In order to make a formal diagnosis of depression, a mental health clinician will first assess whether an individual has a specific constellation of depressive symptoms. Then they will determine whether they are of a high enough level of severity to impair their functioning and are not attributable to the effects of substance abuse or a medical disorder. The diagnosis should not be made unless the symptoms last longer than two months following an incidence of bereavement or grief. As stated previously, some other psychological disorders also include some of the features of clinical depression such as bipolar disorder and schizoaffective disorder. These other mental health syndromes need to be ruled out and the symptoms need to be differentiated from these other disorders in order to have a diagnosis of depression.

Major Depressive Disorder in the Older Adult:

Depression and Major Depressive Disorder frequently occur among the elderly as well as among younger individuals. However, there are unique concerns related to the elderly in that older individuals with depression frequently experience impairment in their thinking or cognitive skills as part of the clinical syndrome. Depression among seniors may actually simulate dementia as individuals experience concentration difficulties, memory loss and distractibility. It is very common for dementia and Major Depressive Disorder to co-occur. Comorbidity is common. It is not very often however that findings of dementia are fully explained on the basis of depression or what is referred to as a pseudodementia.

Some studies have found that the prevalence of Major Depressive Disorder among older individuals in nursing homes may be as high as 30%. It has a tendency to frequently occur in the presence of medical conditions such as heart disease and stroke which also then complicates the treatment for both the depression and the primary medical conditions. Careful evaluation of medications is imperative which may also help explain some of these associated symptoms. When older adults have their first occurrence of depression, they must be carefully evaluated for the comorbid medical conditions such as undiagnosed cancer, cerebral ischemic events, or complications of metabolic conditions such as adult onset diabetes mellitus and thyroid dysfunction.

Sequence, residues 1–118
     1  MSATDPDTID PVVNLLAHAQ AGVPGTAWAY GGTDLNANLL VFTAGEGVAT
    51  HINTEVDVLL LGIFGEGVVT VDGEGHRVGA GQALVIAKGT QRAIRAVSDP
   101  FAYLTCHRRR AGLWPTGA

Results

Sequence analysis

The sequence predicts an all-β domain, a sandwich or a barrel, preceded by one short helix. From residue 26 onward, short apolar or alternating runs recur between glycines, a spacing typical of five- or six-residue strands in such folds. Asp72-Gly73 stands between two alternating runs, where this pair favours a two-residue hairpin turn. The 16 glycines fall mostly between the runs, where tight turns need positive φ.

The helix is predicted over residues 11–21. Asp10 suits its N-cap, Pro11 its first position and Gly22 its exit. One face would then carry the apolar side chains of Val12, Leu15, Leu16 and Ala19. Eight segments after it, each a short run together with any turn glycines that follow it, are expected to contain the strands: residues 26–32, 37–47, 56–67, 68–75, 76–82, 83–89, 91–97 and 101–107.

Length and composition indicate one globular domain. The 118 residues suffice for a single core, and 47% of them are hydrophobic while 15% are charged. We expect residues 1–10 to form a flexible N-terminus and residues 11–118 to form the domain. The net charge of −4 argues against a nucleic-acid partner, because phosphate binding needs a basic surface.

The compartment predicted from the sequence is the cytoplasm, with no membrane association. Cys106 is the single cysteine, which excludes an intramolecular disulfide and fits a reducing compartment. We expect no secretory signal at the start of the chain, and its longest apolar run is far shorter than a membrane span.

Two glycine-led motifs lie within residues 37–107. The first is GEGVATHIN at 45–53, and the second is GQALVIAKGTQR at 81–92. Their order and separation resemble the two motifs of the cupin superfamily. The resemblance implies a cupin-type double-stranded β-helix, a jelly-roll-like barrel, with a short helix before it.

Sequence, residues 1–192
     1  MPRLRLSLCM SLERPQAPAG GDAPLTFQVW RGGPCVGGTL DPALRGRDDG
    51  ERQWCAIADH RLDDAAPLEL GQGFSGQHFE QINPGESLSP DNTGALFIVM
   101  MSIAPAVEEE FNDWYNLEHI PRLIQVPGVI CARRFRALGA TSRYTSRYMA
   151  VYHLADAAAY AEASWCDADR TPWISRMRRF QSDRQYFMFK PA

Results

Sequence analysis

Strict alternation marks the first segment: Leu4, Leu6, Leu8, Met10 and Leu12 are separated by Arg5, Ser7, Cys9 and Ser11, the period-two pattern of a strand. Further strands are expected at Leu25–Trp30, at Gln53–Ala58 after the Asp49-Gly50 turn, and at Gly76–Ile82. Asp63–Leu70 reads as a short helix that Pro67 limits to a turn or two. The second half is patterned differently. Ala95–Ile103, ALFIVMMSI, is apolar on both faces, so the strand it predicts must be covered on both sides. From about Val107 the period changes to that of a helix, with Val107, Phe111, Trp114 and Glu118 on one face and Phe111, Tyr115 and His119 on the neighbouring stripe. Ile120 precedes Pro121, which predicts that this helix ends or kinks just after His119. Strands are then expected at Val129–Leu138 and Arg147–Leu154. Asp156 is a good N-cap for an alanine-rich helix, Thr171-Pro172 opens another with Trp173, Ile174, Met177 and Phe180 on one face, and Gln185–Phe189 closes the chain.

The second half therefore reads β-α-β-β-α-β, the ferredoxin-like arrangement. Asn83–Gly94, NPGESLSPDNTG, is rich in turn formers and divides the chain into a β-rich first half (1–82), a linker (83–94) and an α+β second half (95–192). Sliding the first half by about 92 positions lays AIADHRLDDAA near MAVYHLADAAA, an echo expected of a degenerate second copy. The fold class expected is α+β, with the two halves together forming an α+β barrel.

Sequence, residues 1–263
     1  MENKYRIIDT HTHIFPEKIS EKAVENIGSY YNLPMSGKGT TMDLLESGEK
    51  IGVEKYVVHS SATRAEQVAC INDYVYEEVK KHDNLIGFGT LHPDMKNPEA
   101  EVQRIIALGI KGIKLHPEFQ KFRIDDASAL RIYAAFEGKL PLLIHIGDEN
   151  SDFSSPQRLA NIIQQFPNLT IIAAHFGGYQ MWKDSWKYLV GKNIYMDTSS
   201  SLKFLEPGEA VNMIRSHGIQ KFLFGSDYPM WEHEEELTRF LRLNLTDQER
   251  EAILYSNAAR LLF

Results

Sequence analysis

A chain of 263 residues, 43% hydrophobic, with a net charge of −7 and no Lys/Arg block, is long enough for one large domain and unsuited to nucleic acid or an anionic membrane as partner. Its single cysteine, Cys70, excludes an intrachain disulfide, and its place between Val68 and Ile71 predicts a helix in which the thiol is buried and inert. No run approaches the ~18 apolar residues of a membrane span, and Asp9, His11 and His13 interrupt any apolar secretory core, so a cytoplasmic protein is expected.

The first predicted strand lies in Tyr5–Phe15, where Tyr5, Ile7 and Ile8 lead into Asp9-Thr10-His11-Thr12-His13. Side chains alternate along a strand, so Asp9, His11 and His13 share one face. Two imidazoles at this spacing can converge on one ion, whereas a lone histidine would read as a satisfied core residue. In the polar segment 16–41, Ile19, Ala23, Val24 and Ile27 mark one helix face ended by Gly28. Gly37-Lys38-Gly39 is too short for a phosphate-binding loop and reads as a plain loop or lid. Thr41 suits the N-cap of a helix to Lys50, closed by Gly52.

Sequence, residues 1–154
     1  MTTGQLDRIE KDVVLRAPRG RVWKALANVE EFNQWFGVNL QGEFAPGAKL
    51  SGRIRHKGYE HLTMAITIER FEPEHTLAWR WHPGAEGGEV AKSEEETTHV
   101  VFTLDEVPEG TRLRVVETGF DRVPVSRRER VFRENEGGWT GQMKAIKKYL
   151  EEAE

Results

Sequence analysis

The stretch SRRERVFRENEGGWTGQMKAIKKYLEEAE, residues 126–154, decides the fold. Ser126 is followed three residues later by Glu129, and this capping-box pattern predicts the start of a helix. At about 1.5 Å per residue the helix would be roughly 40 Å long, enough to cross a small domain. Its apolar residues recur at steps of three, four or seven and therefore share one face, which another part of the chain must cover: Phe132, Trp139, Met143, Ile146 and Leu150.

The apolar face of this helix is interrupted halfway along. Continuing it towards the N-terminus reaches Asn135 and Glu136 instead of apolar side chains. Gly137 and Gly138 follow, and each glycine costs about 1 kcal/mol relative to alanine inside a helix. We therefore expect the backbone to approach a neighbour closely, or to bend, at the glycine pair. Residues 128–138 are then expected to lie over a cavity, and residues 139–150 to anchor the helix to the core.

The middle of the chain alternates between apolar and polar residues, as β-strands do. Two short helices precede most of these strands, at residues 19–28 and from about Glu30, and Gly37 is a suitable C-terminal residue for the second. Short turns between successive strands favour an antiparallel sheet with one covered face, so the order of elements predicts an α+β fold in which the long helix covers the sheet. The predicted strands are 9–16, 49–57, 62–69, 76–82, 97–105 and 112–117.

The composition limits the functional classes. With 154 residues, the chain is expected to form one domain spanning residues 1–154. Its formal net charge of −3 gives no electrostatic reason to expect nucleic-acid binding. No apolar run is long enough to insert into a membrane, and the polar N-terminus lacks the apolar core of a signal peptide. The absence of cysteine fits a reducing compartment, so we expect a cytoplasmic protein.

By Paul Susic PhD Licensed Psychologist



Major Depressive Disorder Diagnosis and Symptoms




Major Depressive Disorder Diagnosis

Major depressive disorder is diagnosed as major disorder, single episode or having recurrent episodes and is also rated in terms of severity such as mild, moderate or severe. It has been part of the DSM diagnostic system used by mental health professionals for many years. It is probably the most often diagnosed disorder by mental health clinicians. The National Institute of Mental Health estimates that 6.7% of the population in the United States suffer from major depressive disorder in any given year. Unfortunately, as reported by the Substance Abuse and Mental Health Services Administration in 2008 only about 64.5% of individuals experiencing major depressive disorder seek treatment.

In order to receive a major depressive disorder diagnosis, you must experience nearly every day (usually all day) either a low mood or lack of interest in your daily activities and interests or both. Additionally, you may experience a loss of appetite, fatigue, problems with sleeping, suicidal ideation, agitation, trouble concentrating, and feelings of excessive guilt. Major depressive disorder can lead to a variety of physical and emotional problems and can be a chronic illness requiring long-term psychotherapy, and/or medical and biological treatments.

Major Depressive Disorder Diagnosis and the Bereavement Exclusion: